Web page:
In another letter, the Rebbe responded to a Chabad emissary who wrote about a frequent visitor and student at the Chabad House who was planning his wedding. The Rebbe wrote that the emissary should encourage the groom to say at the wedding at least a few lines from the discourse...

Both letters written on the same day by the same Rebbe. However, the Rebbe addressed each person based on the varying situations. Each groom's individual abilities needed to be uniquely utilized.

Understanding People

A woman, a professor, once wrote to the Rebbe, trying to understand how G‑d could have let the Holocaust happen. As always, the Rebbe responded brilliantly; however, I was most touched by what the Rebbe wrote to the professor towards the end of the letter (adapted here): "I noticed that you signed now using your secular name. I recall that ten years ago I received an invitation to your son's wedding and there you signed with your Jewish name..."

Yes, it is amazing that the Rebbe remembered. Ten years passed since the wedding – a wedding he did not attend – and this was only one among tens of thousands of wedding invitations that he received over those years. However, the fact that this letter attests to the Rebbe's phenomenal memory is not what, in my opinion, makes this letter remarkable.

The Rebbe continues in his letter: "You write that you cannot believe in G‑d after what happened during the Holocaust. Your letter demonstrates the great hatred you harbor towards the Germans for their barbaric acts... As a daughter of the Jewish nation I now ask you, why do you use your secular name that's sourced in the German language?"

The Rebbe concludes, "Perhaps you will do me a favor, and from today on start using your Jewish name."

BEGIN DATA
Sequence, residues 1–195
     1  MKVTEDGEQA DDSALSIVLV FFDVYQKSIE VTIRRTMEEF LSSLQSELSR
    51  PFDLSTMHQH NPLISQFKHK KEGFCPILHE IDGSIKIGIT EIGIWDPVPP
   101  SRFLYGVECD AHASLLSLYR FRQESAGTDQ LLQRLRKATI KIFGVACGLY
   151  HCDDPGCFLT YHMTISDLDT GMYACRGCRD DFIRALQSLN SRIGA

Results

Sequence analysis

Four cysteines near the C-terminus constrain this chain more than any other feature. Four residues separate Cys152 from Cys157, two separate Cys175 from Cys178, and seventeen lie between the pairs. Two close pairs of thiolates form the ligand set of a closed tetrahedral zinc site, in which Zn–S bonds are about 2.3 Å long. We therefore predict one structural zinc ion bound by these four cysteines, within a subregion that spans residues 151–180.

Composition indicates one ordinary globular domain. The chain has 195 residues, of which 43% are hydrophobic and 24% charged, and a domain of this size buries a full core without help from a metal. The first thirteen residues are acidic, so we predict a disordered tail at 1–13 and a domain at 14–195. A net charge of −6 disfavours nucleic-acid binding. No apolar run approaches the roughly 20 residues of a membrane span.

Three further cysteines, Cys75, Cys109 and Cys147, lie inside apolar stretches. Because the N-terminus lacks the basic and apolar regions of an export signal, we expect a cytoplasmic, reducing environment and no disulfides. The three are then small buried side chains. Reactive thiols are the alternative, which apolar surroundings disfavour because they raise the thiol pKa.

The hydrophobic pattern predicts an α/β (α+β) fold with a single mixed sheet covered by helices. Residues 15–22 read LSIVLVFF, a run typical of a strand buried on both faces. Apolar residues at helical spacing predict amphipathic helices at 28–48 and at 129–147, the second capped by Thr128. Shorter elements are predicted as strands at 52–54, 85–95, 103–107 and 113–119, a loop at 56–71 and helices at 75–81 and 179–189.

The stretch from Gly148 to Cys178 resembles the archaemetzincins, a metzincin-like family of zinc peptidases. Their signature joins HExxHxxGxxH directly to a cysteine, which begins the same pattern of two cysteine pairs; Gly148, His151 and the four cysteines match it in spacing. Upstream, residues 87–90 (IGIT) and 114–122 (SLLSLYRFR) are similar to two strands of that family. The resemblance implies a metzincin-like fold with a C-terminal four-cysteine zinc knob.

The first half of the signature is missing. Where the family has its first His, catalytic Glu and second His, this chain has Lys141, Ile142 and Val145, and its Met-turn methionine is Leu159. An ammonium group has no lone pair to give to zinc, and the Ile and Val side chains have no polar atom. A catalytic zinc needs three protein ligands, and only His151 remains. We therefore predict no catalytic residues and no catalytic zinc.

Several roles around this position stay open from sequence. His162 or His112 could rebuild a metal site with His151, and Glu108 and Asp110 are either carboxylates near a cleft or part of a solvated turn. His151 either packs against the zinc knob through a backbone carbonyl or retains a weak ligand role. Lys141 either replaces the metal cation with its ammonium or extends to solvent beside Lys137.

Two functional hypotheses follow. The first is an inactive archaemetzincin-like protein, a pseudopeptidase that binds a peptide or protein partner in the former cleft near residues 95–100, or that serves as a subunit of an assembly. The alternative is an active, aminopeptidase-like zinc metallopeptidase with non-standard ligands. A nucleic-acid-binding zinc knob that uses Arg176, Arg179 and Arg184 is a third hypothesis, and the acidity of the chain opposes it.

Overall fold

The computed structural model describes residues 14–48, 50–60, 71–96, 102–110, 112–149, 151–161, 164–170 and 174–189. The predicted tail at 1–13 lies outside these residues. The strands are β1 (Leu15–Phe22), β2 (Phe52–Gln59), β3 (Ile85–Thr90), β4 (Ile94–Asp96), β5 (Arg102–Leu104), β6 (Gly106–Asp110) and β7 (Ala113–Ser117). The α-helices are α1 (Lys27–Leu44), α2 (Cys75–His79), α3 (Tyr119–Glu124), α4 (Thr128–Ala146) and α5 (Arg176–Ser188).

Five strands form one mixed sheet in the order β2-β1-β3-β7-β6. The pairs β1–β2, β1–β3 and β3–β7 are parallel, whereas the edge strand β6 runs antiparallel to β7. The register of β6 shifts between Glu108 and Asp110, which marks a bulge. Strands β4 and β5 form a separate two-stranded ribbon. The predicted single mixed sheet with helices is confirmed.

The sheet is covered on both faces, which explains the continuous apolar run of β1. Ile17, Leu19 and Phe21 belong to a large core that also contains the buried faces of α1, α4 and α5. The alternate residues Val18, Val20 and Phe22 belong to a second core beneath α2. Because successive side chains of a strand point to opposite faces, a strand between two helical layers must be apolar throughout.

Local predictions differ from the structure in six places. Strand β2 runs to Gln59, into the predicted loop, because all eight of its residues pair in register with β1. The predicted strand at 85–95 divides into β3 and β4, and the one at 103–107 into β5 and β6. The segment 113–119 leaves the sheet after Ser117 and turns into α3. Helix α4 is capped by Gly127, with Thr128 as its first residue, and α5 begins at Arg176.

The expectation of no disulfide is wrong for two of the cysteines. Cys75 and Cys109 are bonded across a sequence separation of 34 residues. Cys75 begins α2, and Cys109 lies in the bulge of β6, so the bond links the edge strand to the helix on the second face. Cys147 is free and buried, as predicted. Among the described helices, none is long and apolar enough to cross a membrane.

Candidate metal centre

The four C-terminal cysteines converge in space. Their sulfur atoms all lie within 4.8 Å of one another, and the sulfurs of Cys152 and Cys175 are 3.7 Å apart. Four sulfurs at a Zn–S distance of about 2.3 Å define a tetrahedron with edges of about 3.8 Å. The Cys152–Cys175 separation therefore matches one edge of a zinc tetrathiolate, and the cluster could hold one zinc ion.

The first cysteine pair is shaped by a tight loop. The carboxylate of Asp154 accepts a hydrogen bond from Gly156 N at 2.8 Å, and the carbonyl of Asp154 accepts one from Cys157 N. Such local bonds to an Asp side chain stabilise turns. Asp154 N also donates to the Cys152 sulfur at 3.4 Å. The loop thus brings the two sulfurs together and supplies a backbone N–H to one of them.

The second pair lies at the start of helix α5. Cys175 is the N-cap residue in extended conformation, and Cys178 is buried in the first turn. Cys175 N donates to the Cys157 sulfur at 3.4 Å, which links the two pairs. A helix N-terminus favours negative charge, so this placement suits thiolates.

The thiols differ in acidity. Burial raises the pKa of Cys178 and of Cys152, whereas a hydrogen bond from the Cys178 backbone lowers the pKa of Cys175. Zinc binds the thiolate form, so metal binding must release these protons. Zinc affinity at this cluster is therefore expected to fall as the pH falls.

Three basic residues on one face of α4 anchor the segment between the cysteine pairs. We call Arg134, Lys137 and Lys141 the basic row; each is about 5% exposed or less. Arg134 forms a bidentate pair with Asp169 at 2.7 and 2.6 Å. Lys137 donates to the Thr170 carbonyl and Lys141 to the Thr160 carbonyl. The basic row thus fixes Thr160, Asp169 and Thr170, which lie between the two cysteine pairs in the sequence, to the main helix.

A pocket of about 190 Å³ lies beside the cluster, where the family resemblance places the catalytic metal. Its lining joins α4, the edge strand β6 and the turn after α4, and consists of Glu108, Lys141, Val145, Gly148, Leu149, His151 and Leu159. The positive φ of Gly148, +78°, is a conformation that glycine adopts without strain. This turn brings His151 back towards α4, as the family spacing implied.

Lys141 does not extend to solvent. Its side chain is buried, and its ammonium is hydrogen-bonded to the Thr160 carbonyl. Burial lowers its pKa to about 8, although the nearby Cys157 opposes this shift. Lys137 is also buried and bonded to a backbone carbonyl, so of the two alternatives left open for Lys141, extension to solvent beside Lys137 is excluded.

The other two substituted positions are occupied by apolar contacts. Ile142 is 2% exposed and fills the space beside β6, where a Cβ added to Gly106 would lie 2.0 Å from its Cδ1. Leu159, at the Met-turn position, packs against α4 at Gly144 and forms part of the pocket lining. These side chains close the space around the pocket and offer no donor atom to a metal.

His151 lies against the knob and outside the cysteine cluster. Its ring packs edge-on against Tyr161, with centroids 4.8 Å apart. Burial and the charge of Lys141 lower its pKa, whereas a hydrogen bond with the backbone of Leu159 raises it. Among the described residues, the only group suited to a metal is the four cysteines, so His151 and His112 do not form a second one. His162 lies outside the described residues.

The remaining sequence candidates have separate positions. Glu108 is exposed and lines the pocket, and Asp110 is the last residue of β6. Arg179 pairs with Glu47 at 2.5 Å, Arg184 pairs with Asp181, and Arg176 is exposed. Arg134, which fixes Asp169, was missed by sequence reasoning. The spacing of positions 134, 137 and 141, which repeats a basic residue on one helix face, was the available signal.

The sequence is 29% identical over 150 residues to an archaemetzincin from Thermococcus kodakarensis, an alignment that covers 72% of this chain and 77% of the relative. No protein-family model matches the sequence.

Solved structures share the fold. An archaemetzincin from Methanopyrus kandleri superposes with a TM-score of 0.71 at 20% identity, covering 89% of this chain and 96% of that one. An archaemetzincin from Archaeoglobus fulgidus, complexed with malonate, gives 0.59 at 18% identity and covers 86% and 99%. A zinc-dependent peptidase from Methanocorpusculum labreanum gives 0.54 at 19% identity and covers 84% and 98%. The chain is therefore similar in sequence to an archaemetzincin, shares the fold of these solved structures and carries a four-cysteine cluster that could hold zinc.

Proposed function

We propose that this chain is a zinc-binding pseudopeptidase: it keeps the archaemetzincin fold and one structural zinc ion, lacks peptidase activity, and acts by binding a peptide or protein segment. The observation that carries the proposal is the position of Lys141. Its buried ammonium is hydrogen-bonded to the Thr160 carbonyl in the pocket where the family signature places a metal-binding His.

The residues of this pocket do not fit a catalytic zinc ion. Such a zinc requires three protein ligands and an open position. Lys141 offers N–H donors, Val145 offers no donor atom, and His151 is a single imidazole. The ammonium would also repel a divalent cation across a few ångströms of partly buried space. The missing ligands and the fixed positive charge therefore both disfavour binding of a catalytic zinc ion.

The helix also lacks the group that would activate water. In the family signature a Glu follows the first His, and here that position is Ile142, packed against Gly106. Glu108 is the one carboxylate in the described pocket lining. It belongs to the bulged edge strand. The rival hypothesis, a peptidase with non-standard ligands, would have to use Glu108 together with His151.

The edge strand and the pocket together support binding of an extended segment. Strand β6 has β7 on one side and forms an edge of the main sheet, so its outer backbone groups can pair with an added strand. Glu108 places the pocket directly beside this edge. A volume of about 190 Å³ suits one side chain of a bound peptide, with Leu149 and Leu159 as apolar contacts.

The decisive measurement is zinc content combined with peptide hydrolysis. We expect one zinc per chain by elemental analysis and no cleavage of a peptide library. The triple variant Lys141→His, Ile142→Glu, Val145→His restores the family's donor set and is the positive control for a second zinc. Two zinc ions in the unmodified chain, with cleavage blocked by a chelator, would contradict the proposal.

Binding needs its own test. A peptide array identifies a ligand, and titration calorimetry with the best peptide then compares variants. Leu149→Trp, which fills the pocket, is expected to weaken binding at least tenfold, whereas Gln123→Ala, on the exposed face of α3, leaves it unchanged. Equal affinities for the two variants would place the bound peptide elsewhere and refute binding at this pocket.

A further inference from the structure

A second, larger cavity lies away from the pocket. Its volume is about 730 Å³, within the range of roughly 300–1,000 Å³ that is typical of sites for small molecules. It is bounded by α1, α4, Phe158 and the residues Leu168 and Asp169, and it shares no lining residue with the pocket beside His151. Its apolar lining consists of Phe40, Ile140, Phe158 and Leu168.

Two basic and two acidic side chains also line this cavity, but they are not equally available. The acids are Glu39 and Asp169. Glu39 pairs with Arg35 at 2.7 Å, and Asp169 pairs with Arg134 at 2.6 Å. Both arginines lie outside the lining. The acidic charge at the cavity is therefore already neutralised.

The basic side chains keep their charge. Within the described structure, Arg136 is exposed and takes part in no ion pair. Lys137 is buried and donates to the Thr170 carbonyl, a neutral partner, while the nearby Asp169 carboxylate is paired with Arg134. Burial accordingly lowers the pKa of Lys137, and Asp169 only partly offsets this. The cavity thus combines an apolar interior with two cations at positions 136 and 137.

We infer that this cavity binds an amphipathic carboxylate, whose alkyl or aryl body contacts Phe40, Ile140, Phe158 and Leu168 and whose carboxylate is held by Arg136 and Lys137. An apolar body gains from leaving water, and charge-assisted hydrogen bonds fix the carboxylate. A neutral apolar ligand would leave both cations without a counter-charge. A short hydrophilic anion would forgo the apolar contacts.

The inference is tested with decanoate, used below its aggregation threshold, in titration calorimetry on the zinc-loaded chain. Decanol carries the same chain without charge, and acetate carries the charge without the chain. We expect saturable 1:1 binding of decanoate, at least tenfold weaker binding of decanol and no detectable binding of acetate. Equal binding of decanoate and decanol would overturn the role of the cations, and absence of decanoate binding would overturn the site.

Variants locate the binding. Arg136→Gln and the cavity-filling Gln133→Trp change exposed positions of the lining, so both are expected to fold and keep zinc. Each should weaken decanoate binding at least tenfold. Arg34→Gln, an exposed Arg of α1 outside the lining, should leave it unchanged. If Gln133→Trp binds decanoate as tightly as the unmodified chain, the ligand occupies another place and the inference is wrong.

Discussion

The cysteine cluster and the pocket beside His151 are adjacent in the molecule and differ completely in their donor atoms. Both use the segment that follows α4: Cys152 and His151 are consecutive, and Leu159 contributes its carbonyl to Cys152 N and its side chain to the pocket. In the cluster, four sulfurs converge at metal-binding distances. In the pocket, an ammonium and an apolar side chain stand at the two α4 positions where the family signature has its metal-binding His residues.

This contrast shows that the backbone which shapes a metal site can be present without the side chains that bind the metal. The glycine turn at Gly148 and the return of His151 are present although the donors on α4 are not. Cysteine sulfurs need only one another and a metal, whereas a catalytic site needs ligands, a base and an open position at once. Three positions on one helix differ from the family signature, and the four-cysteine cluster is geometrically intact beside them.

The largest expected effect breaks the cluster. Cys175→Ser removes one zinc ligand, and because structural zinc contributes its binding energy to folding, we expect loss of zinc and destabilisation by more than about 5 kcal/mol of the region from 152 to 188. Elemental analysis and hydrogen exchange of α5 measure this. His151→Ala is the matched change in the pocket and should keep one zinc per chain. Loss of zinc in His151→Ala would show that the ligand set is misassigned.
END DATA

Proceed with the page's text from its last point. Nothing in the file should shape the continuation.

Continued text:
It is understandable that the Rebbe responded to her question about the Holocaust. However, in his great love for every individual, he did not satisfy himself with doing just that. The Rebbe considered what Jewish act the professor could incorporate into her life—an act that she herself would want to do, for in her mind it would equate with doing something that would make a personal stand against the barbaric Nazis.

This is the way the Rebbe saw things; for every individual there is their unique way of encouraging them in their Jewish growth.

To the Lubavitch disciple, the Rebbe would instruct regarding which chassidic discourses to study, or the extra stringency in Jewish law that he should adopt. From the Israeli soldier, the Rebbe would request that he put on tefillin every day. And the businesswoman, the Rebbe would invite to light Shabbat and holiday candles.

There are so many different people in the world, with their own understanding and with their own way of acting. The Rebbe guided each and every one of them to grow in their unique way.

And to the Rebbe even that one small act was an entire world.